Lymphoma in canines- need-to-know information

By on September 26, 2016

Dr. Christopher Byers, a veterinarian with Omaha’s Critical Care DVM, writes extensively in the Critical Care blog and has kindly given Pets in Omaha a chance to share his work here. This week, we’ll be sharing a post per day that will be helpful and informative to every pet owner, so check back daily for great content from Dr. Byers.

The word cancer elicits many different feelings for people – fear, helplessness, and uncertainty just to name a few. Sadly, our fur babies aren’t immune from the grips of “the big C” but everyday we are learning more thanks to the efforts of researchers and board-certified veterinary oncologists. One of the most commonly diagnosed cancers in the dog world is lymphoma (7-24% of all dog cancers and 83% of all blood cancers in dogs). This week I have dedicated time to raising pet parent awareness about this cancer. It’s time to let a little air out of the balloon of fear that often elevates this cancer onto a pedestal on which it doesn’t deserve a place!

Lymphoma – What is it?

The term lymphoma (aka lymphosarcoma) is used to describe a type of cancer involving a specific white blood cell called a lymphocyte, as well as lymphoid tissue.

Lymphoid tissue can be found throughout the body, including in lymph nodes, spleen, liver, bone marrow, and digestive tract. Lymphocytes are a part of the immune system that protect the body from infection. There are two general types of lymphocytes – B cells and T cells – and both have been implicated in lymphoma.

Lymphoma can affect any body organ. Most commonly this cancer first becomes apparent in the main organs of the immune system, most notably lymph nodes, the spleen, and the bone marrow. There are five stages of lymphoma. The degree of peripheral (outside the body) and internal organ involvement defines a patient’s stage of lymphoma. Currently the World Health Organization (WHO) defines stages of lymphoma in dogs as follows:

  • Stage I – involvement of only 1 peripheral lymph node on 1 side of the diaphragm (called focal lymphadenomegaly)
  • Stage II – involvement of more than 1 peripheral lymph on the same side of the diaphragm (called regional lymphadenomegaly)
  • Stage III – involvement of peripheral lymph nodes on both side of the diaphragm (called generalized lymphadenomegaly)
  • Stage IV – involvement of liver and/or spleen
  • Stage V – involvement of the nervous system, extranodal sites, and/or bone marrow

There are also five types of lymphoma:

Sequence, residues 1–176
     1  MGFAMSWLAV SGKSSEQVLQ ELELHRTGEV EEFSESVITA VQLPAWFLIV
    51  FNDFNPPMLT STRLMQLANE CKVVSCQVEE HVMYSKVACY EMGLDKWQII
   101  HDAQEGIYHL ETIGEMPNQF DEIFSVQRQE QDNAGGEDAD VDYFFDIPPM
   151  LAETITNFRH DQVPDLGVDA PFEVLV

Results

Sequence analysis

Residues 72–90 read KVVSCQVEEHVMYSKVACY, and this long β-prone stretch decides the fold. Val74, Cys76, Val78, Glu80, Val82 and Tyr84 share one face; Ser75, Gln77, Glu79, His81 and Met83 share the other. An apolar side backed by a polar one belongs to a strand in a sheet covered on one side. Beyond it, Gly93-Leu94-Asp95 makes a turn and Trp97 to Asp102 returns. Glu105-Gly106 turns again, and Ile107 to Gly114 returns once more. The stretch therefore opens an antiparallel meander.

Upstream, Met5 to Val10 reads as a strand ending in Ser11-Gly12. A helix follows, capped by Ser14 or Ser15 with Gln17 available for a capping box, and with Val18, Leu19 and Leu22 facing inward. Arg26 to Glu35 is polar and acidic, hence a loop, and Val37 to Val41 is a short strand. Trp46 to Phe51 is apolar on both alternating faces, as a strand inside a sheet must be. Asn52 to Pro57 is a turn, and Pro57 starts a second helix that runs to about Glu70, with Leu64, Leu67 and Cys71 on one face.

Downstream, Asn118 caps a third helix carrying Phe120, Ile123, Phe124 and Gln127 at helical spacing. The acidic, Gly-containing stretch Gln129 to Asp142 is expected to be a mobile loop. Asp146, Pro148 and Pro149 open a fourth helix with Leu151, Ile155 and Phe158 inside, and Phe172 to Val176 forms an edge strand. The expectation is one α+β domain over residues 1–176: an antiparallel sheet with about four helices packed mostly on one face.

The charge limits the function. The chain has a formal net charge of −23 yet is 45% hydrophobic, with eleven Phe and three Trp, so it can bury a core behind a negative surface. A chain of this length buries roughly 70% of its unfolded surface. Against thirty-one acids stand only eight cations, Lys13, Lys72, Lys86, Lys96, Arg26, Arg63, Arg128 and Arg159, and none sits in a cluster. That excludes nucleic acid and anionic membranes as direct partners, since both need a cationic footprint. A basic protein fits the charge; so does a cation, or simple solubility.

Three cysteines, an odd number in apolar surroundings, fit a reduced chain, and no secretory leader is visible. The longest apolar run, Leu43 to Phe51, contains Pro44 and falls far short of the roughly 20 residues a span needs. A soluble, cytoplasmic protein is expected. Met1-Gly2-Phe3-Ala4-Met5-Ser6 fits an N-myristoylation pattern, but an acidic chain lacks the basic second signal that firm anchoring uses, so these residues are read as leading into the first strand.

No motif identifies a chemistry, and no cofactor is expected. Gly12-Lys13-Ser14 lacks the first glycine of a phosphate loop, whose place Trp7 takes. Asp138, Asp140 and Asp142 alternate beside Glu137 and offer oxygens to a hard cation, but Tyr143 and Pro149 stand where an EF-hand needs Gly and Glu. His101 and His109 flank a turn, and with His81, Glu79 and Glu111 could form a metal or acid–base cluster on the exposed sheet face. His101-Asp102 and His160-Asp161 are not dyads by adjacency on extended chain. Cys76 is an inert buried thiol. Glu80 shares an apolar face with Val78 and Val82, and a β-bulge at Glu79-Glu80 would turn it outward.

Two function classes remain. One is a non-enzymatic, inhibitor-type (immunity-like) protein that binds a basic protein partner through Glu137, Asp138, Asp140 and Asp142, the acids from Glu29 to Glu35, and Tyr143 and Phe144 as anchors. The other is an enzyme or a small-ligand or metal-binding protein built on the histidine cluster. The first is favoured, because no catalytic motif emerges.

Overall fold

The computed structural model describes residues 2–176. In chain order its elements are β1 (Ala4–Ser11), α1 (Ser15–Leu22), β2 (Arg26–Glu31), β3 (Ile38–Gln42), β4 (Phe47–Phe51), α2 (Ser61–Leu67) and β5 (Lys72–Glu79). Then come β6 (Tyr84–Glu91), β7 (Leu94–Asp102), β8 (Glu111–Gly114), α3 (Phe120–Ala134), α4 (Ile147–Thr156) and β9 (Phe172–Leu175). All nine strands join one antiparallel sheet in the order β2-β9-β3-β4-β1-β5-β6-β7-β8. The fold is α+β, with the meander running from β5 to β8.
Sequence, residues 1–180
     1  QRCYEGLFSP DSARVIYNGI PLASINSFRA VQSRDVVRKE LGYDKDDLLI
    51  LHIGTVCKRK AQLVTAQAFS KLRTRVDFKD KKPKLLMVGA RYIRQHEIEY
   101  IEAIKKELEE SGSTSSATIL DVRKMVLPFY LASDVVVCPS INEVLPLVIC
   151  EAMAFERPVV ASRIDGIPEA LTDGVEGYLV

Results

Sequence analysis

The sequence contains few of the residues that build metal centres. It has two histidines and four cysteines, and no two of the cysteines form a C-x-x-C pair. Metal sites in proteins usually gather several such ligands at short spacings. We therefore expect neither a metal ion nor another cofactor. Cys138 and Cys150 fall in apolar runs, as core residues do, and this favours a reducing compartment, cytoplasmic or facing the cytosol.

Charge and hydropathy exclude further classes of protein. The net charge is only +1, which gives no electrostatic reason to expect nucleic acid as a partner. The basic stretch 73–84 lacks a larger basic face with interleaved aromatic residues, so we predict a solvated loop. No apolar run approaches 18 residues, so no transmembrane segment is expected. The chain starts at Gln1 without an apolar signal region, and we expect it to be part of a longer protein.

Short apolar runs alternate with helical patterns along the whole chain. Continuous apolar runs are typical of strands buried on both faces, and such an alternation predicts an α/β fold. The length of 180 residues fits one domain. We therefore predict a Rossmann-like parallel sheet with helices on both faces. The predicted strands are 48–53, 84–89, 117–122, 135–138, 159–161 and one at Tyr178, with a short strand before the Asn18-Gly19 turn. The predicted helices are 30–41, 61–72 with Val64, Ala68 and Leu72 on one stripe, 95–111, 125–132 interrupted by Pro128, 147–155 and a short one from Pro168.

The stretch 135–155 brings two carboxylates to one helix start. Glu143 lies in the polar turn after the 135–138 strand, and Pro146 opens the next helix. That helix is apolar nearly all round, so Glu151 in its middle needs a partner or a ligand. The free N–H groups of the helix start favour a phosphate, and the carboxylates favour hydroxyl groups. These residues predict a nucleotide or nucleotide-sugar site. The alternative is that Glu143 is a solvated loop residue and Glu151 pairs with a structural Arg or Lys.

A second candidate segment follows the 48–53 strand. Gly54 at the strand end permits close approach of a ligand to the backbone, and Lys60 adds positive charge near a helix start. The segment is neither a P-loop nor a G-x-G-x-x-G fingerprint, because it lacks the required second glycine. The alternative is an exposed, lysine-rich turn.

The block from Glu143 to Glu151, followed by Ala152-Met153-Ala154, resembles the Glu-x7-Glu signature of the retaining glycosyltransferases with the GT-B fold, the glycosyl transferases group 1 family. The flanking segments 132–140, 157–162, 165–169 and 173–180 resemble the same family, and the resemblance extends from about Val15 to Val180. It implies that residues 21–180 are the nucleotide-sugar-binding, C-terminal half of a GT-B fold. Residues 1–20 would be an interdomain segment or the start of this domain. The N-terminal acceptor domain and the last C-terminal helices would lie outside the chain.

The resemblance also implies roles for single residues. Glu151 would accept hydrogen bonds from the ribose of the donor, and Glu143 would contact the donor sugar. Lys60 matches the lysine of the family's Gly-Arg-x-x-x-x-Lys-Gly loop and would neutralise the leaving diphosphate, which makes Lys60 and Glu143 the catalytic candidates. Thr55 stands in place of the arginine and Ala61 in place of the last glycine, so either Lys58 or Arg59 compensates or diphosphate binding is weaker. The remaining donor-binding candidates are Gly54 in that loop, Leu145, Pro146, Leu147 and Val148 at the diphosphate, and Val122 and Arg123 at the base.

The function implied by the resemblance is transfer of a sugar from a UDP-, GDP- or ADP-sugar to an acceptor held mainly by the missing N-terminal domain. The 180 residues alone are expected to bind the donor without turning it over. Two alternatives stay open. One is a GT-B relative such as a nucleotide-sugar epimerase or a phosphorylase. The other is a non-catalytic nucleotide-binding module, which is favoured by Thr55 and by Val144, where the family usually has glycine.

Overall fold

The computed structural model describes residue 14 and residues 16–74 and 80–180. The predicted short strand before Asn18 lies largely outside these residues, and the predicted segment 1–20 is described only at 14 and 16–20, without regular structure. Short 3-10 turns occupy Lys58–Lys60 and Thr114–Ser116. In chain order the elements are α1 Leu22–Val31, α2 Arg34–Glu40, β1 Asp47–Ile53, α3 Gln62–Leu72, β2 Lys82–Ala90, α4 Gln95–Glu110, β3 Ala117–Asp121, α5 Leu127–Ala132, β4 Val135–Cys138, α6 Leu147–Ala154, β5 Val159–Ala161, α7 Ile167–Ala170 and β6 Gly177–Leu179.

• Multicentric (most common form) – lymphoma that most commonly affects the peripheral lymph nodes and may (or may not) involve other organs
  • Mediastinal (rare) – lymphoma that originates from lymphoid tissue in the chest cavity
  • Alimentary (~5% of patients) – lymphoma that originates from gastrointestinal tracts
  • Cutaneous (uncommon) – lymphoma that originates from the skin
  • Extranodal / Central Nervous System (rarest form) – the rarest form of lymphoma that involves organs like the eyes, bone, and mouth

Lymphoma – What causes it?

Dr. Christopher Byers

Dr. Christopher Byers

To date the definitive cause of lymphoma in dogs is not known. Discovering the cause (and ideally a cure) is a major focus of cancer research in both human and veterinary medicine. Some studies have identified risk factors for this cancer, including a weakened immune system, environmental factors, and exposure to certain chemicals (e.g.: paints, solvents, herbicides). Some breeds are seemingly over-represented, raising concerns for a genetic predisposition; these include:

  • Golden Retrievers
  • Boxers
  • Basset Hounds
  • Saint Bernards
  • Airedales
  • Bull Mastiffs
  • Bull dogs
  • Scottish Terriers

Lymphoma – What does it look like?

The clinical signs of lymphoma vary depending the type of lymphoma with which a patient is living.

  • Multicentric – Patients living with this form of lymphoma commonly have painless enlargement of peripheral lymph nodes. Indeed, this lymph node involvement is often an incidental finding during a preventative healthcare examination. However, some dogs are sick with a variety of clinical signs including loss of appetite, weight loss, difficulty breathing, increased thirst, and increased frequency of urination.
  • Mediastinal – This form of lymphoma commonly causes patients to have difficulty breathing. Affected patients may also develop swelling (edema) of the head, neck, and/or forelimbs.
  • Alimentary – Patients with this form of lymphoma commonly have clinical signs referable to the gastrointestinal tract, particularly vomiting, diarrhea, weight loss, loss of appetite, increased thirst, and increased frequency of urination.
  • Cutaneous – Lymphoma of the skin typically starts as dry, red, flaky, and itchy patches of skin. However, as the disease progresses, patients develop reddened ulcers, nodules, and/or plaques lesions on the skin.
  • Extranodal / Central Nervous System – The clinical signs for this form of lymphoma depend on the site of disease. Patients with lymphoma in the central nervous system may be profoundly weak or paralyzed; they may also have seizures. Patients with lymphoma in the eyes can have visual impairments. Those with bone lymphoma may limp, have difficulty finding a comfortable position, and self-restrict their physical activity.

Lymphoma – How is it diagnosed?

There are several methods for obtaining a definitive diagnosis of lymphoma, ranging from non- and minimally invasive techniques to more invasive surgeries. Most commonly a veterinarian will perform either a fine needle aspiration or a surgical biopsy. What’s the difference?